Employee or independent contractor? If only that were an easy question to answer. According to the Economic Policy Institute, between 10 and 20 percent of employers misclassify at least one worker as an independent contractor. And as gig economy work is expected to explode in the coming years, the misclassification rate is likely to increase.
So, what happens when a worker is misclassified? Should-be employees miss out on important protections and benefits, such as overtime pay, worker’s compensation insurance and unemployment benefits. The government misses out, too, on billions of dollars in tax revenue created by income taxes, Social Security and Medicare taxes and unemployment taxes.
Employers also suffer, since misclassification can create competitive disadvantages for the ones that play by the rules. Improperly classifying employees also can be costly to employers. The severity of the consequences depends on whether the IRS and the Department of Labor think the misclassification was accidental or intentional. The former carries small penalties; the latter can be devastating—criminal charges and time served.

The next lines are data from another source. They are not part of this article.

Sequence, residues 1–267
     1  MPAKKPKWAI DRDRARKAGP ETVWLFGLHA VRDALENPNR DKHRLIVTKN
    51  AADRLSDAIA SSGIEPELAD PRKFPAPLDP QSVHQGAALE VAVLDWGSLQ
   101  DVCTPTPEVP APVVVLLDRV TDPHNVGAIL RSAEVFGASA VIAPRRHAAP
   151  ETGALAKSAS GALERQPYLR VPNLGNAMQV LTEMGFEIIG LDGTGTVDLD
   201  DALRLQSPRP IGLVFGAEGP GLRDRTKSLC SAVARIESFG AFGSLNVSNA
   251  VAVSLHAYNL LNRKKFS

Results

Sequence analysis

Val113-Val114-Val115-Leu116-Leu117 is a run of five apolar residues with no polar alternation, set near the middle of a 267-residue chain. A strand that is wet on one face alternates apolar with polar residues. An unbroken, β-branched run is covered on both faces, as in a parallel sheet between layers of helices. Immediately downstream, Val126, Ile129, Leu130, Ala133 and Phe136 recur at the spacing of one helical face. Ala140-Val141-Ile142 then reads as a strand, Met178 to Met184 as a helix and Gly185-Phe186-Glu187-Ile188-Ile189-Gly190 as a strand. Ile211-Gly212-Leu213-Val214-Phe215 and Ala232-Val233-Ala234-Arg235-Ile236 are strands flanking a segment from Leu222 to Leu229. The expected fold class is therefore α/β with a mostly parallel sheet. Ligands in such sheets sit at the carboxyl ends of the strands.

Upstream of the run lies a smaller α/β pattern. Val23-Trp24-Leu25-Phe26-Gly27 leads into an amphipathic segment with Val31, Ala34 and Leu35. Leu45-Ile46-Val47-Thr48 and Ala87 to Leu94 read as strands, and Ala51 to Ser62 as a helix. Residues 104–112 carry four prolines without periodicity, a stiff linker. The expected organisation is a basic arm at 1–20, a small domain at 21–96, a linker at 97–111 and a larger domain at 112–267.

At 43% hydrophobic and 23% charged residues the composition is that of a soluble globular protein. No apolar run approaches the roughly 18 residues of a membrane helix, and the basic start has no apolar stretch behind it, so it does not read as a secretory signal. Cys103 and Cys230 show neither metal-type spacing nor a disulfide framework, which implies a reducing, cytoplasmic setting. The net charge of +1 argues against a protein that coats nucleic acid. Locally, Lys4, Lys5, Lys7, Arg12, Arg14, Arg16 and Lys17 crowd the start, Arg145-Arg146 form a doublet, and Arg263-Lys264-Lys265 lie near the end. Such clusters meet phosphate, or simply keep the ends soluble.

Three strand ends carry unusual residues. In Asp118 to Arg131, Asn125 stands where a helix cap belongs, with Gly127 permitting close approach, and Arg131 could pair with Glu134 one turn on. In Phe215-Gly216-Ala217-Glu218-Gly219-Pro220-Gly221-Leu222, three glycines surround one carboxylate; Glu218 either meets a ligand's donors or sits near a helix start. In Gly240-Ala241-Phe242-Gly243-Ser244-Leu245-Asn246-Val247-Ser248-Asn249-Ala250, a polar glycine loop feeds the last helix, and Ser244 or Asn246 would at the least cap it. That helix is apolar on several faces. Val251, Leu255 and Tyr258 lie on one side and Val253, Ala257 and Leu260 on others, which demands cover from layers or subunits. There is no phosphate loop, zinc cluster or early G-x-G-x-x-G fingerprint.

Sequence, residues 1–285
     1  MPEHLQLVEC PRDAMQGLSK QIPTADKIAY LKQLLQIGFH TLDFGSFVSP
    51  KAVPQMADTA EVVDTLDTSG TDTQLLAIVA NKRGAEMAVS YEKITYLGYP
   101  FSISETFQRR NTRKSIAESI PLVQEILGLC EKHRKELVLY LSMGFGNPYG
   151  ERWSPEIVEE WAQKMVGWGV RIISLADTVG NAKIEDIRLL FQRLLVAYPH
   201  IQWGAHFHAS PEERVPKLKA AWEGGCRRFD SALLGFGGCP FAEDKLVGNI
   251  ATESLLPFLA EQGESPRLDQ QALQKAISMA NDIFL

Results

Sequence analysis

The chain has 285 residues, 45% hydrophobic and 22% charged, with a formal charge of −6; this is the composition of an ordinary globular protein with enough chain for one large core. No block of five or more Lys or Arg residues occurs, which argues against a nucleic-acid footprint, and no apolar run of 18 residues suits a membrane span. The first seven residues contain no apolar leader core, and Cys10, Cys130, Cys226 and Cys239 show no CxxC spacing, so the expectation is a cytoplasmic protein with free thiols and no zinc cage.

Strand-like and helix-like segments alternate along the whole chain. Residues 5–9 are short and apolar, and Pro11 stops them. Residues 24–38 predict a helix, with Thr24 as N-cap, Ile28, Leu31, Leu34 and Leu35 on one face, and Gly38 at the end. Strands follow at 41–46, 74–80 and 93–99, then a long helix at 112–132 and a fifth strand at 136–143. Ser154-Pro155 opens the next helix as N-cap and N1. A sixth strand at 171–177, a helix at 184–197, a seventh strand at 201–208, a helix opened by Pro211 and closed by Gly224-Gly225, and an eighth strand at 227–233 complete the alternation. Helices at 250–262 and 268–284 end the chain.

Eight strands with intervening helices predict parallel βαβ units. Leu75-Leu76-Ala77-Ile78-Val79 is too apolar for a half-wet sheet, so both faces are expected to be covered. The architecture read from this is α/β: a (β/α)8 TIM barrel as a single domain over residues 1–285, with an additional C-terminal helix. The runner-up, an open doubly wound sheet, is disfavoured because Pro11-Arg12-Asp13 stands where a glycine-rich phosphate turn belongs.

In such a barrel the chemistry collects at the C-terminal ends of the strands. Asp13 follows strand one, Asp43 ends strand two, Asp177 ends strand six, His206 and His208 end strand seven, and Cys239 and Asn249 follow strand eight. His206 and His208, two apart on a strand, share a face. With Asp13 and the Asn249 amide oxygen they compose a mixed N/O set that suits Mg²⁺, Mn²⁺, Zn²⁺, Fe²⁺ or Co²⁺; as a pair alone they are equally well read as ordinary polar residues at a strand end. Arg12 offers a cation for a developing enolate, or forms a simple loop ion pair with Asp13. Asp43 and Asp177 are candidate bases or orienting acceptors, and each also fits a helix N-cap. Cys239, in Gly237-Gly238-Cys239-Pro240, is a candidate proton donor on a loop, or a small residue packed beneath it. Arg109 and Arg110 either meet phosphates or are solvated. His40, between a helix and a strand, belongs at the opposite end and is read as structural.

While it’s true that some employers knowingly exploit the rules of employment, studies show that many misclassifications stem from the confusion surrounding the criteria itself. The issue has gone all the way to the U.S. Supreme Court, multiple times, and each time they’ve determined there is no single rule or test for classifying a worker as an employee or independent contractor.
Bottom line, the government has given you lots of factors to consider. To help cut through the confusion, we’ve put together this easy-to-read table of the most essential criteria to help you arrive at the right status for your workers.